Low commit activity in last 3 years
There's a lot of open issues
No release in over a year
Rails engine to manage front end builds and deployments
 Project Readme

Deprecation Notice

TED has shifted to React and will no longer maintain this application/library. If you wish to continue using this application/library, please create a pull request and repo ownership can be transferred. This repository will be archived at the end of 2022.

Build Status Code Climate Gem Version


Front-End Builds (FEB) lets you easily serve remotely-hosted static (JS) applications from your Rails apps. For example, you can host a Rails backend on Heroku, an Ember.js frontend on S3, and use FEB to connect the two.



  • Admin interface lets you easily view, rollback and activate different app versions

The motivation for this gem came from Luke Melia's RailsConf2014 talk.


Add this line to your application's Gemfile:

gem 'front_end_builds'

And then execute:

$ bundle

Front-End Builds brings some migrations along with it. To run, execute

rake front_end_builds:install:migrations
rake db:migrate


First, mount the admin interface in routes.rb:

Rails.application.routes.draw do

  mount FrontEndBuilds::Engine, at: '/frontends'


You should mount this under an authenticated route using your application's auth strategy, as anyone with access to the admin will be able to affect the production builds of your front end apps.a

If you don't want to set up an HTML auth strategy, you can do something like this:

# routes.rb
protected_app = Rack::Auth::Basic.new(FrontEndBuilds::Engine) do |username, password|
  username == 'admin' && password == (Rails.env.production? ? ENV['FEB_ADMIN_PASSWORD'] : '')
mount protected_app, at: '/frontends'

This will use basic HTTP auth to secure access to your admin ui. Just set the ENV variable in production, and use it to gain access. If you're deploying to Heroku, use Config Vars.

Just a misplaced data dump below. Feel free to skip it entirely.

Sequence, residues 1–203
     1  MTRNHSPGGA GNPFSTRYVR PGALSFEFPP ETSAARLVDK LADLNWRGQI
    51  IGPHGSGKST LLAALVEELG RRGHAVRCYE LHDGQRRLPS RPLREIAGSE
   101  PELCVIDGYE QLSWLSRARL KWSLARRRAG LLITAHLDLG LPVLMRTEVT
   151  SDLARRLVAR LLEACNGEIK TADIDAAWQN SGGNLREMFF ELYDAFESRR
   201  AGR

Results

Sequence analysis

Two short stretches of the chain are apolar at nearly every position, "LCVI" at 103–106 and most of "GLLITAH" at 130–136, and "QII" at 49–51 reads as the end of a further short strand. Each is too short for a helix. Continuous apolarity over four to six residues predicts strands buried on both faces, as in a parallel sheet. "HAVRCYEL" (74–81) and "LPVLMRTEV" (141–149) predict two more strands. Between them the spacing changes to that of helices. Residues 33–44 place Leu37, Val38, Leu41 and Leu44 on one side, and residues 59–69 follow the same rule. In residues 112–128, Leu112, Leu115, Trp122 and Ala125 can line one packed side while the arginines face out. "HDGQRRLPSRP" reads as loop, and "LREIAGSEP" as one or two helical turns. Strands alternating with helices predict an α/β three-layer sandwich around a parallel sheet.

Now, to create a new app, first add a front_end route pointing to your app in routes.rb:

Rails.application.routes.draw do

  front_end 'app-name', '/app-route'


Visit the admin (at whatever URL you mounted the engine above), create a new app named app-name, and you'll receive instructions on how to start pushing builds.

Note: If you're using this engine to serve an ember app at the Root, be sure to put all other Rails routes above the front_end route - as this takes priority over all routes below it!

Rails.application.routes.draw do
  # All other Rails routes here

  front_end 'app-name', '/'

At this point you should be able to test the setup in dev by running

bin/rails server

Visit /frontends to access the Admin interface, and visit the front_end route, which will initially return 404 Not found since you haven't configured and deployed any front-end builds yet.

A note on SSH Keys

At this time only RSA keys are supported for authentication. You can't generate the keys using ssh-add you'll need the use something like this

Example Next Steps with Heroku and Ember.js

A common configuration is to deploy your FEB-enabled Rails app to Heroku, and deploy your Ember.js frontend to S3:

  1. Deploy your Rails app to Heroku
  2. Configure your frontend app with ember-cli-deploy-front-end-builds-pack
  3. Access your Rails app's FEB Admin interface, add an app, and configure a public SSH key that corresponds to the private key you plan on using to sign your Ember.js builds
  4. Deploy your frontend app. If all goes well, it should build the Ember app, push the static assets to S3, then POST to your Rails app. You'll see the build in the Admin interface, and should be able to access your frontend at the front_end route you specified.



The Admin interface is an Ember CLI app within feb. A distribution is kept within the gem, and must be updated whenever admin code is updated.

After changing the admin app, run

rake admin:build

to store a fresh distribution.

Running tests

# Rails tests

# Admin tests, from /admin dir
ember test

Build status

This gem is built on Travis-CI.


  • Create docs site
  • Auto live setting
  • make posts idempotent (i think they are), but dont insert a new row if it already exists.